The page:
Vegetarian options available: YES

18. CEVICHE – BY OUTDOOR ADVENTURE SAMPLER

The Yucatan Peninsula is surrounded by oceans teeming with all kinds of seafood. Therefore it makes sense that ceviche is a popular dish in the area. Ceviche is a raw fish dish where fresh seafood is cured in lemon or lime juice. The citrus “cooks” the diced-up fish which is often just pulled from the sea. Other ingredients might include diced white onions, tomatoes, cucumbers, and spices such as chilis and cilantro.  The mix of seafood often includes shrimp, tuna, scallops, squid, and the fresh catch of the day. A garnish of avocado or pickled red onion completes the dish. The slightly spicy citrusy flavour and the taste of the freshest seafood are the draws for ordering this dish.

The best place to order ceviche in the Yucatan is an open-air restaurant located right on the beach. Grab a table where you can watch the waves crashing and start your meal with a bowl of ceviche. It goes perfectly with a chilled, locally-brewed Mexican lager beer.

Vegetarian options available: NO

19. MOLE – BY DESTINATIONLESS TRAVEL

When we think of Mexican Food we always refer to the classics that you’ll find in lots of restaurants both in and outside of Mexico. One of the most famous foods all over Mexico is, of course, Mole.

This dark sauce is made from a range of spices but the one ingredient you have to have is dark chocolate. Don’t let that fool you though, Mole isn’t traditionally very sweet and instead is a dark savoury sauce that pares well with chicken and even tamales.

Mole is more traditionally eaten on the east coast and the vibrant city of Oaxaca is known as the best place to try the sauce. On a visit to the city, every restaurant and café will serve Mole on a range of dishes in either a black, green, or red colour. You can head out on your own to try Mole, or consider joining a food tour in Oaxaca to try some of the best local Mole restaurants.

The taste of Mole is very hard to explain in words. However, it is very earthy and in some cases spicy. Trust me, it’s a flavour you’ll likely fall in love with but it can be challenging to find traditional Mole outside of Mexico – so enjoy it while you can!

Vegetarian options available: YES

20. CHAPULINES – BY LIVING OUT LAU

When you think of popular snacks in Mexico, your mind might immediately jump to churros or elotes (corn on the cob). However, adventurous foodies might think of Chapulines, a snack that translates to grasshoppers in English. Yes, you read that right. Grasshoppers!

Matter of fact, Chapulin (singular for Chapulines) is a Mexican delicacy that is full of protein. Roasted and seasoned with chile powder, Chapulines are actually not as bad as they sound. They are bit-size and the crunch and flavour somewhat resemble your typical chips. The only main difference is that Chapulines are actually quite healthy for you because of their high protein concentration.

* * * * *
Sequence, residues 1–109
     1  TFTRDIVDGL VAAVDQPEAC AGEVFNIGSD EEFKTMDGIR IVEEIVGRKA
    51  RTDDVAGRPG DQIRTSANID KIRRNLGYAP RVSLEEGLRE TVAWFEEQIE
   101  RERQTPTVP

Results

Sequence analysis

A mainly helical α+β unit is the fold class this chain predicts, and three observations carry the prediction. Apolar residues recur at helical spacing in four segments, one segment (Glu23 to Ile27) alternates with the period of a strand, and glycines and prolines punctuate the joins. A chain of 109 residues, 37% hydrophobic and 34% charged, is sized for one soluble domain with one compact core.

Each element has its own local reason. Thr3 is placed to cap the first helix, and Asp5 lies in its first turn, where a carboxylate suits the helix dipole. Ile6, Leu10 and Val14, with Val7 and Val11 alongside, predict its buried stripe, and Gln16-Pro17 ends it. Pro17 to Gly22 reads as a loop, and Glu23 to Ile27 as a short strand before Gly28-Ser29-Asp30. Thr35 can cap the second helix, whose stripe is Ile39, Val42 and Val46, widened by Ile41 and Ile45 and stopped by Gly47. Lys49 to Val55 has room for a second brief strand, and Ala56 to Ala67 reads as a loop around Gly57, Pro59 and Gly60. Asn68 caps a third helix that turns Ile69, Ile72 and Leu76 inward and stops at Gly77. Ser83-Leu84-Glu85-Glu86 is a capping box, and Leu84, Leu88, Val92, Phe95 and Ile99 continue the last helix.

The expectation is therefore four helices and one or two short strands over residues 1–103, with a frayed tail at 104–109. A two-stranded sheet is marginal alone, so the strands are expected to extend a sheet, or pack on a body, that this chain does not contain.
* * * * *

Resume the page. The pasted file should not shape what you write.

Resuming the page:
First eaten around the 16th century as a sustainable source of protein, Chapulines are now easily found throughout the country. However, the best state in Mexico for Chapulines is Oaxaca. Visitors will have no problem finding them in Oaxaca City, and small towns such as Puerto Escondido and San Jose Del Pacifico should have them too!

Vegetarian options available: NO

21. SALPICÓN – BY A TASTE FOR TRAVEL

The term salpicón originated in Europe and basically refers to a savoury mix of meat with vegetables bound in a sauce. While versions of salpicón featuring beef, pork and seafood in vinaigrette are found throughout Latin America, in Mexico it’s salpicón de pollo (Mexican chicken salad) that’s likely the easiest to find as it’s a very popular appetizer, party dish and beach day snack.  

The Mexican (and Guatemalan) versions of salpicón de pollo feature finely diced chicken breast (either just poached or leftover from a roast) tossed with minced fresh radishes, red onion, tomato, cilantro, hot jalapeno peppers and mint in a lime juice, olive oil and oregano dressing. Sometimes the dressing also features naranja agria, the juice of the Seville orange, an addition that adds a subtle bitterness that complements the sweetness of the tender chicken.   

Although salpicón de pollo is most often served on top of a crispy tostada and sprinkled with crema Mexican, slivers of red onion or crumbled cheese, it is equally delicious as a side salad or as an appetizer on chilled serving spoons or shot glasses. Enjoy it with a dash or two of your favourite hot sauce. 

Vegetarian options available: NO

22. TORTAS – BY GARDENING BANK

Tortas are tasty Mexican sandwiches piled up with different ingredients. They can be stuffed with different things, such as cheese, chicken, guacamole, meat, refried beans, onions, peppers, avocado, or steak – anything you want. So, you will certainly find the ideal one for you.